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I'm interested in calibrating the Heston model so I was reading about it online. All procedures I could find was using market prices for European call options and using the (semi-)closed-form expression to obtain parameters that would've yielded these call option prices.

However, the Heston dynamics tell us something about how the stock price behaves. Wouldn't it make more sense to use the stock price trajectory and infer reasonable parameters based on that information? I could not find anything similar in the literature but maybe I haven't searched thoroughly enough yet.

Does anyone know anything about this or has even tried it? I'm interested to hear your thoughts.

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    $\begingroup$ You can. You could do some maximum likelihood or filtering estimation. But this gives you Heston parameters under $\mathbb{P}$. For option pricing, you need risk-neutral parameters though. Thus, directly calibrating the model to option prices is easier. $\endgroup$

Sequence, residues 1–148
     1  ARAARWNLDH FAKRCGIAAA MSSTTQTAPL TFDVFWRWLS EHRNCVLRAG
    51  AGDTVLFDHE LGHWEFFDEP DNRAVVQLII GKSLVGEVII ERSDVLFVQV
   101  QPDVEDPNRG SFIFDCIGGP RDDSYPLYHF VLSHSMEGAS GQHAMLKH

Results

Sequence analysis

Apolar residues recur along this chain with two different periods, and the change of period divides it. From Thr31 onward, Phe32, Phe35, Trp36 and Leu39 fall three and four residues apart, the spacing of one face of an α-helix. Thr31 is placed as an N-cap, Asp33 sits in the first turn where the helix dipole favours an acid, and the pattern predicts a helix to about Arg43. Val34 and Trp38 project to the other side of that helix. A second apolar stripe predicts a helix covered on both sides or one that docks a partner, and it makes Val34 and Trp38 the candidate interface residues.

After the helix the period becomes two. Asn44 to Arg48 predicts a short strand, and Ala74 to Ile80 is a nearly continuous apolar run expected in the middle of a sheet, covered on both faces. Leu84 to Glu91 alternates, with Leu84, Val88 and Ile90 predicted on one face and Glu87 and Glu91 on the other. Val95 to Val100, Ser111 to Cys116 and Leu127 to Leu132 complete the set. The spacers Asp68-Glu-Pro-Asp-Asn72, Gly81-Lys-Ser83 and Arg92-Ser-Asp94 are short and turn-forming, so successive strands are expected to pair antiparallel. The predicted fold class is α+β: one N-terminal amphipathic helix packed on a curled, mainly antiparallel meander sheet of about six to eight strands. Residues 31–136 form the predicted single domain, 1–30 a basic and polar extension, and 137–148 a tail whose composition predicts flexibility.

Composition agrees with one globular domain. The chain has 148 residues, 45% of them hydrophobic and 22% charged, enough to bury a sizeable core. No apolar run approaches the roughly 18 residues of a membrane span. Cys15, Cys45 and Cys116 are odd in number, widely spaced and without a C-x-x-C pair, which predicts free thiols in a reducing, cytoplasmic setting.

– Kevin
    Apr 6 at 8:46
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    $\begingroup$ Stoch vol models now are LSV, and use historical series of spot and implied vols to calibrate the general model dynamics of spot/vol and vol/vol covariances, and european vanilla options to calibrate today's smile. $\endgroup$ Apr 6 at 13:21

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